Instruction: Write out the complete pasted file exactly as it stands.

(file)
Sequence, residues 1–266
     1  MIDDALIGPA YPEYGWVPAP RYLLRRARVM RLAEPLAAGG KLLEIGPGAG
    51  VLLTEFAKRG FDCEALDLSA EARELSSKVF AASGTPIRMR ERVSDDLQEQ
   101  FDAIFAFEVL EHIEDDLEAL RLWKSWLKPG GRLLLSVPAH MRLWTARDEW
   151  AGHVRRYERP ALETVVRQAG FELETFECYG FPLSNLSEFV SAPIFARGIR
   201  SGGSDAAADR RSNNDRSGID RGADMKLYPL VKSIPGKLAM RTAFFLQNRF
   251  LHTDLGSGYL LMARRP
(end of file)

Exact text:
Sequence, residues 1–266
     1  MIDDALIGPA YPEYGWVPAP RYLLRRARVM RLAEPLAAGG KLLEIGPGAG
    51  VLLTEFAKRG FDCEALDLSA EARELSSKVF AASGTPIRMR ERVSDDLQEQ
   101  FDAIFAFEVL EHIEDDLEAL RLWKSWLKPG GRLLLSVPAH MRLWTARDEW
   151  AGHVRRYERP ALETVVRQAG FELETFECYG FPLSNLSEFV SAPIFARGIR
   201  SGGSDAAADR RSNNDRSGID RGADMKLYPL VKSIPGKLAM RTAFFLQNRF
   251  LHTDLGSGYL LMARRP